This is an historical transcription of Bethany Baptist Church Cemetery, Graham, Jefferson County, Indiana which was transcribed in 1941 as part of the DAR cemetery transcription project. The value of this transcription is that in many cases they transcribed headstones which may today no longer exist. Had it not been for this project these records
A complete list of available online transcriptions and gravestone photos for Bryan County Oklahoma cemeteries.
Born in Scio, Grecian Archipelago, October 22, 1816. During the Greek Revolution the Turks invaded that island in 1822, and after narrowly escaping the massacre that followed, George with his mother and two young sisters were carried captives to Smyrna. Through friends in that city he was ransomed and sent in an American brig to
In the year 1470, there lived in Lisbon, a town in Portugal, a man by the name of Christopher Columbus, who there married Dona Felipa, the daughter of Bartolome Monis De Palestrello, an Italian (then deceased), who had arisen to great celebrity as a navigator. Dona Felipa was the idol of her doting father, and
United States Soldiers of the Civil War Residing in Michigan, June 1, 1894 [ Names within brackets are reported in letters. ] Eaton County Bellevue Township. – Elias Stewart, Frank F. Hughes, Edwin J. Wood, Samuel Van Orman, John D. Conklin, Martin V. Moon. Mitchell Drollett, Levi Evans, William Fisher, William E. Pixley, William Henry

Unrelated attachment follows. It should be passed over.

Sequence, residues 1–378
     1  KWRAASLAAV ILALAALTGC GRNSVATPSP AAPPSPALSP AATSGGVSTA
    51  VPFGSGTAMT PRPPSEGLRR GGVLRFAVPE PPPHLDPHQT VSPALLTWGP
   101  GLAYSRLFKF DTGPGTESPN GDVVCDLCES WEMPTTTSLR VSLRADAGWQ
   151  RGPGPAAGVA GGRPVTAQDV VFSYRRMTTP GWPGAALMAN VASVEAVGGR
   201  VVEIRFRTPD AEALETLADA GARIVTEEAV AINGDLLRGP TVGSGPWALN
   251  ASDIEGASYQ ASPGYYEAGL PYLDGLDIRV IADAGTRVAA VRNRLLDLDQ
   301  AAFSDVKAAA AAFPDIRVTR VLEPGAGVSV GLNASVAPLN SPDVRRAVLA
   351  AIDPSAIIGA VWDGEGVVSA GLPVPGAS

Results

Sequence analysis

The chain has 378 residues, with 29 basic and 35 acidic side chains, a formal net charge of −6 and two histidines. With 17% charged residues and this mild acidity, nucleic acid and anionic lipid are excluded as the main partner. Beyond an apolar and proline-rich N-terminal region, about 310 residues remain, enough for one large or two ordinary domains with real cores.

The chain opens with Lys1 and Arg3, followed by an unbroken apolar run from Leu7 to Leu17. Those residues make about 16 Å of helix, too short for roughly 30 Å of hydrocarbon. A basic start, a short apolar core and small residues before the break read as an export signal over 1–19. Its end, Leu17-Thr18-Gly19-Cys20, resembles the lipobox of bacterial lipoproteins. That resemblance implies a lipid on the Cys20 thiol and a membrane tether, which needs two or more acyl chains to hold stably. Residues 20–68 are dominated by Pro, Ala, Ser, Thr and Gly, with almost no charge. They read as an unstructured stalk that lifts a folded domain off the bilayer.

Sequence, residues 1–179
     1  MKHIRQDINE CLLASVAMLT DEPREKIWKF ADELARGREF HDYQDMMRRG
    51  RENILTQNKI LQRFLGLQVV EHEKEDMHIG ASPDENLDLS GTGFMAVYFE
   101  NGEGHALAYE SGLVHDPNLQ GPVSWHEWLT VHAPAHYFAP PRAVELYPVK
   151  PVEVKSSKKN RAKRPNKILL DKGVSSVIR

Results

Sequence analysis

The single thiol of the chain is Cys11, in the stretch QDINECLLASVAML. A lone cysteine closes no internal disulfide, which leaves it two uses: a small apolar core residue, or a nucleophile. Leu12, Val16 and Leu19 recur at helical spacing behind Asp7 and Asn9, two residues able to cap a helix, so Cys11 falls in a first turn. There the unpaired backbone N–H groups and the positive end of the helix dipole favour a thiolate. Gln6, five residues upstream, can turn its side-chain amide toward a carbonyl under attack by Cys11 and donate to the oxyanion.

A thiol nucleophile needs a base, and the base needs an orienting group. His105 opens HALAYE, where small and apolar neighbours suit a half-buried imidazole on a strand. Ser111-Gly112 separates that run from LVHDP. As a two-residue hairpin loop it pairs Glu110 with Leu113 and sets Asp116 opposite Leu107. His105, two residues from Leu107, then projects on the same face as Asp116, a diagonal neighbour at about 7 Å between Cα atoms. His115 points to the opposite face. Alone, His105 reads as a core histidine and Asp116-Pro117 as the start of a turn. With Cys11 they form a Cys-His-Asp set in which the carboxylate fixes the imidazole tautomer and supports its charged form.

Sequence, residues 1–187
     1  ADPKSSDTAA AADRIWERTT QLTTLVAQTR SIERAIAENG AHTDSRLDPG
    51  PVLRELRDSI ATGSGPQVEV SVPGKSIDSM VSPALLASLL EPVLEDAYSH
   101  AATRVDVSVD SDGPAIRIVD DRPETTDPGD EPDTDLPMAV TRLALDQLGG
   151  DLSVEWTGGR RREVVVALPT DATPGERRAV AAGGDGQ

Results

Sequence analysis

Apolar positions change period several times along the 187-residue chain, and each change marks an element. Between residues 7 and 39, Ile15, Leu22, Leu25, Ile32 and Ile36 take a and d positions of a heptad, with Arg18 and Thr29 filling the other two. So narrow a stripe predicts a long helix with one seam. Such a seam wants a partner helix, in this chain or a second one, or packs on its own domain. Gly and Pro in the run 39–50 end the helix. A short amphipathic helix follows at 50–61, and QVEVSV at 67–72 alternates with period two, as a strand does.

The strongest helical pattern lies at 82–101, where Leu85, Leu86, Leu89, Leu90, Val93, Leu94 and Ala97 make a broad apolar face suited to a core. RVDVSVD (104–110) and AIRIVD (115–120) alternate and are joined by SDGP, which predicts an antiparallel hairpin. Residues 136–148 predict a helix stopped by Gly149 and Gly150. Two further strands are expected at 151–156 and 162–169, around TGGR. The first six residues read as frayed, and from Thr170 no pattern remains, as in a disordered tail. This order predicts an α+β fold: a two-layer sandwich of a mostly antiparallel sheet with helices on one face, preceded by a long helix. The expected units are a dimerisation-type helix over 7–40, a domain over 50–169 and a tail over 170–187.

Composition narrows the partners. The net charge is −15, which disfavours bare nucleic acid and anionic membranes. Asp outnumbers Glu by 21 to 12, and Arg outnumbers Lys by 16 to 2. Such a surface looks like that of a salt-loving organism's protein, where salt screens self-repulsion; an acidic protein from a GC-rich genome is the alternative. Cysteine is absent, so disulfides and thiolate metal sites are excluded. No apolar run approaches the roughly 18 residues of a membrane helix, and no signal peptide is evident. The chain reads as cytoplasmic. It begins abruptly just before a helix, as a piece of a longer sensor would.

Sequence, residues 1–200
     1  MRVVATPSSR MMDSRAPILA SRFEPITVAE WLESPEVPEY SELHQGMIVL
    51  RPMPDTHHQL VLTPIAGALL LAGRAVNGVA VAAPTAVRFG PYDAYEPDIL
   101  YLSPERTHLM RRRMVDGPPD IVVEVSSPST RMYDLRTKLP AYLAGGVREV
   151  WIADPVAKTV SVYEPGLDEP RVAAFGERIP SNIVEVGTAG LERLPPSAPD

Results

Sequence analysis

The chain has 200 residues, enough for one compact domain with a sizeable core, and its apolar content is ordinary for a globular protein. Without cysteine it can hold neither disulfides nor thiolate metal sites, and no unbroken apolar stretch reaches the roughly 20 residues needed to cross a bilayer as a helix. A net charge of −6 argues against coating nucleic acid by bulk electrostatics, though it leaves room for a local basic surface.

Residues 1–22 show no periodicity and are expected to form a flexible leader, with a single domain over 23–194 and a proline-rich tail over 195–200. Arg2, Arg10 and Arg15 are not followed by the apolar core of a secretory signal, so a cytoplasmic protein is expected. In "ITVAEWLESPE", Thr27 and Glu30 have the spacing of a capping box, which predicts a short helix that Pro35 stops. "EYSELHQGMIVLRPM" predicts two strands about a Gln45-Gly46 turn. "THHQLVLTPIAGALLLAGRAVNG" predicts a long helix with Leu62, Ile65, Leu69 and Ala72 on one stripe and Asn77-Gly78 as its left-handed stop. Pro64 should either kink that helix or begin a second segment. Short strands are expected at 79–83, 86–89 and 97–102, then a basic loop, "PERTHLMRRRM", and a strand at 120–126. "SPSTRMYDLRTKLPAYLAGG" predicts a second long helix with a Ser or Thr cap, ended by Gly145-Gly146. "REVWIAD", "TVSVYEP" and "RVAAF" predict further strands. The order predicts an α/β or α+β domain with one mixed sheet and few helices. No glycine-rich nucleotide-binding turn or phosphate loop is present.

Particulars Relating to the Captivity of John Fitch, of Ashby, Mass. Related by Mr. Enos Jones, of Ashburnham. The town of Lunenburg, in Massachusetts, was incorporated August 1, 1728, and received its name in compliment to George II., who, the preceding year, came to the British throne, and was styled Duke of Lunenburg, having in
A Narrative of the captivity of Nehemiah How, who was taken by the Indians at the Great Meadow Fort above Fort Dummer, where he was an inhabitant, October 11th, 1745. Giving an account of what he met with in his traveling to Canada, and while he was in prison there. Together with an account of Mr. How’s death at Canada. Exceedingly valuable for the many items of exact intelligence therein recorded, relative to so many of the present inhabitants of New England, through those friends who endured the hardships of captivity in the mountain deserts and the damps of loathsome prisons. Had the author lived to have returned, and published his narrative himself, he doubtless would have made it far more valuable, but he was cut off while a prisoner, by the prison fever, in the fifty-fifth year of his age, after a captivity of one year, seven months, and fifteen days. He died May 25th, 1747, in the hospital at Quebec, after a sickness of about ten days. He was a husband and father, and greatly beloved by all who knew him.
From the removal of the Cherokee Indians from Georgia and Tennessee to Arkansas and their establishment upon the reservation allotted to them by treaty with the Government in Arkansas, they have, until the period of this outbreak to the narrative of which this chapter is devoted, been considered as among the least dangerous and most
An extensive collection of material relating to Autauga County Alabama genealogy, includes vital records, cemeteries, census, history, and other records.
A brief history of the Nansemond Indians who resided at Portsmouth, Bowers Hill, and in general about Dismal Swamp, Virginia. Includes last names of living descendants.